HTML5 SVG Support check using JavaScript – the simple way

My last post talked about how you can detect whether your browser supports HTML5 Canvas or not using simple JavaScript technique. Based on the same principles, this post illustrates how you can detect if your browser supports SVG elements. You may note SVG is Scalable Vector Graphics and HTML5 has native support for SVG tags. The difference with Canvas is that in case of SVG elements, they become a part of the DOM and you can manipulate each SVG elements, whereas in case of Canvas, the entire <canvas></canvas> tag becomes one node in the DOM and anything inside the Canvas <canvas> tag (for eg. a Rectangle) cannot be manipulated individually using standard DOM methods. Browse the web and you will find a hell lot of topics on this.

Alright, now back to the detection code. Just copy/paste this inside your window load / body load or in case of JQuery the $(document).ready() method,

if(!document.createElement('svg').getAttributeNS){
  document.write('Your browser does not support SVG!');
  return;
}

So, if your browser does not support SVG, then it will not process further (in case your application cannot live without SVG). But if you have a back up plan and you can live without SVG in your browser, then you can add an else block along with the if so that you can write your backup logic.

Explanation
Well, the code is very simple. Inside the if condition I create a SVG element using the standard DOM createElement() method. Now this will create a <svg></svg> object. Now next thing I do is to check if the getAttributeNS() method is defined or not. If you browser does not support <svg> then there is no way it will understand getAttributeNS() and that’s the catch.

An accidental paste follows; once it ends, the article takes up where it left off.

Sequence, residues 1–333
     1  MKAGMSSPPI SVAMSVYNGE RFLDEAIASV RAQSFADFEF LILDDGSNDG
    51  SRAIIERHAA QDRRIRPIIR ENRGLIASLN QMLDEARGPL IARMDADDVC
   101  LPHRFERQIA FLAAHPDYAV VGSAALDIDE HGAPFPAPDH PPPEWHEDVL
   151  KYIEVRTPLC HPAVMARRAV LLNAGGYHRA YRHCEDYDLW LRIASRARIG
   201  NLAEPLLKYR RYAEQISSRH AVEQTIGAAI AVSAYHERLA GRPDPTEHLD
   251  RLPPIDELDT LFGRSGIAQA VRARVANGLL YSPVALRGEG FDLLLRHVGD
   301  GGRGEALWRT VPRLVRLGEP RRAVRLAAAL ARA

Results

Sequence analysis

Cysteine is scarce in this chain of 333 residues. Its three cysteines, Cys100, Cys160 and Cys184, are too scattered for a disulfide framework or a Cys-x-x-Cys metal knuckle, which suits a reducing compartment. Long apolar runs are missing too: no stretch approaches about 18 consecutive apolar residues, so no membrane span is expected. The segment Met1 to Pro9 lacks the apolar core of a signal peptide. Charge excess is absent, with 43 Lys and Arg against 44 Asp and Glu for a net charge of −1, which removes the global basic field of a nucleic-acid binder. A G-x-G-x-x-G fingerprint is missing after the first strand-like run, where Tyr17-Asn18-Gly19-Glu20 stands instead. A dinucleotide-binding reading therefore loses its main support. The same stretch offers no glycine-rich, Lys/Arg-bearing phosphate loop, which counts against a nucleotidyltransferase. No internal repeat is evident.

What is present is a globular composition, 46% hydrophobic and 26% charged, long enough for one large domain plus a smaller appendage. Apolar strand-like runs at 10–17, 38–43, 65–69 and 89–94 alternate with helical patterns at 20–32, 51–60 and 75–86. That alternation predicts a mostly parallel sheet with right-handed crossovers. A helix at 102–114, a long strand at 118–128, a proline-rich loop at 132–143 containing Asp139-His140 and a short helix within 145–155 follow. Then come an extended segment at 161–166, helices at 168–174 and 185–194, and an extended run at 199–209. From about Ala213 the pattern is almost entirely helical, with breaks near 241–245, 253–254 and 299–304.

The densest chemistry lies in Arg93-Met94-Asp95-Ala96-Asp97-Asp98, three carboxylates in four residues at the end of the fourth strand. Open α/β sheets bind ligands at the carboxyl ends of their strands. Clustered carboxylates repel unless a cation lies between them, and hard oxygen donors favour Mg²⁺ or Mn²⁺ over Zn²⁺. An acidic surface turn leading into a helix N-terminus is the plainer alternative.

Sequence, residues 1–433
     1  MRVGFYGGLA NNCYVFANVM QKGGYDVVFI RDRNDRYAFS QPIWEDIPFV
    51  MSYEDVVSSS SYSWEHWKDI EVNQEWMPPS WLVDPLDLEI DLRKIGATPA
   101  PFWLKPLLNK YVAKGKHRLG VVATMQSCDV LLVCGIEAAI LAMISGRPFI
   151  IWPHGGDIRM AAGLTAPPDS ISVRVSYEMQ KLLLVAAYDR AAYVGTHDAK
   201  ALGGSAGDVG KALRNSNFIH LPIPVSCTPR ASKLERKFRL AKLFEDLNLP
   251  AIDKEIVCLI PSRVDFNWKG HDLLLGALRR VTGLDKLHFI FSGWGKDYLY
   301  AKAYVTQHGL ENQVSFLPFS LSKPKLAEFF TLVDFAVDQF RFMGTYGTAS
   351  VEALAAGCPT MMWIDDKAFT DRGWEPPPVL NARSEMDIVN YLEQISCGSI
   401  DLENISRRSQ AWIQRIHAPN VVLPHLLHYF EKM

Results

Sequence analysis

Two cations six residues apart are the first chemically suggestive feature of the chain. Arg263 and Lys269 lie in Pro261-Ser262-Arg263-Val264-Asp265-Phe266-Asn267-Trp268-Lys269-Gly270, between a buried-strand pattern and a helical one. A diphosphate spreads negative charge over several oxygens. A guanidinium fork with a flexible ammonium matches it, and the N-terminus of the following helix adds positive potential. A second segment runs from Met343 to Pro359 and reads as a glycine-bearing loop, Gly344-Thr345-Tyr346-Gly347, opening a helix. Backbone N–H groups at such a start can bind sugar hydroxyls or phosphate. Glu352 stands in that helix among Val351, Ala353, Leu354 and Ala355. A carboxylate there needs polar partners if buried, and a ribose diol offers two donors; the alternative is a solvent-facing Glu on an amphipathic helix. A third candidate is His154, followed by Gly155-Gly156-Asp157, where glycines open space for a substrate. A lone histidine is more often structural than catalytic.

HTML5 Canvas Support check using JavaScript – the simple way

This is how you can check for HTML5 Canvas support in your browser by using JavaScript, there’s no need of an external library like Modernizer to do a simple check like this. In fact most of the feature checks can be done natively, that’s what I prefer.

Here is the code,

var canvasEl = document.createElement('canvas'); //create the canvas object
if(!canvasEl.getContext) //if the method is not supported, i.e canvas is not supported
{ 
  document.write("HTML5 Canvas Not Supported By Your Browser");
  return;
}

As you can see in the first line I create a HTML5 Canvas element by using createElement() DOM method. As you might know that to work with Canvas, you have to get it’s context object (2d for now), which can be retrieved by the getContext() method. So, if a browser does not support the <canvas> tag or the canvas element, then no way the getContext() method will be defined for it. That’s what I check in the second line – the if condition. Remember that a function/method name is a variable which holds a reference to the function block. So we can check whether it is defined or not, in a normal way like we do for object properties. IE8 doesn’t support HTML5 Canvas. So try this code in IE8 for a quick test.

How can I use it with my code?
Use this code block inside the window load event handler or when the DOM ready event is triggered (using document.onreadystatechange, more). You can modify it as per your need.
Leave behind a comment if you are upset with this attempt.

JavaScript Touch event or Mouse event – detect and handle according to device

You might have faced this issue before or even might have wondered – How to write a single piece of code that establishes correct event in the device i.e touch events for mobile web browsers and mouse events for desktop browsers. You need not hard code the events for your app code. Once you detect and handle those events, you can run your app everywhere – mobiles and computer browsers. Normally when we develop an app for mobile browsers we test it in a desktop browser, so if you have touch events hard-coded into your script then it is a pain to change the script and make it work for computer browsers(replacing touch events with mouse events) and then change it back again to touch for mobiles. So, here is a small script/trick to universally handle the event and need not worry about devices,

var isTouchSupported = 'ontouchstart' in window;
var startEvent = isTouchSupported ? 'touchstart' : 'mousedown';
var moveEvent = isTouchSupported ? 'touchmove' : 'mousemove';
var endEvent = isTouchSupported ? 'touchend' : 'mouseup';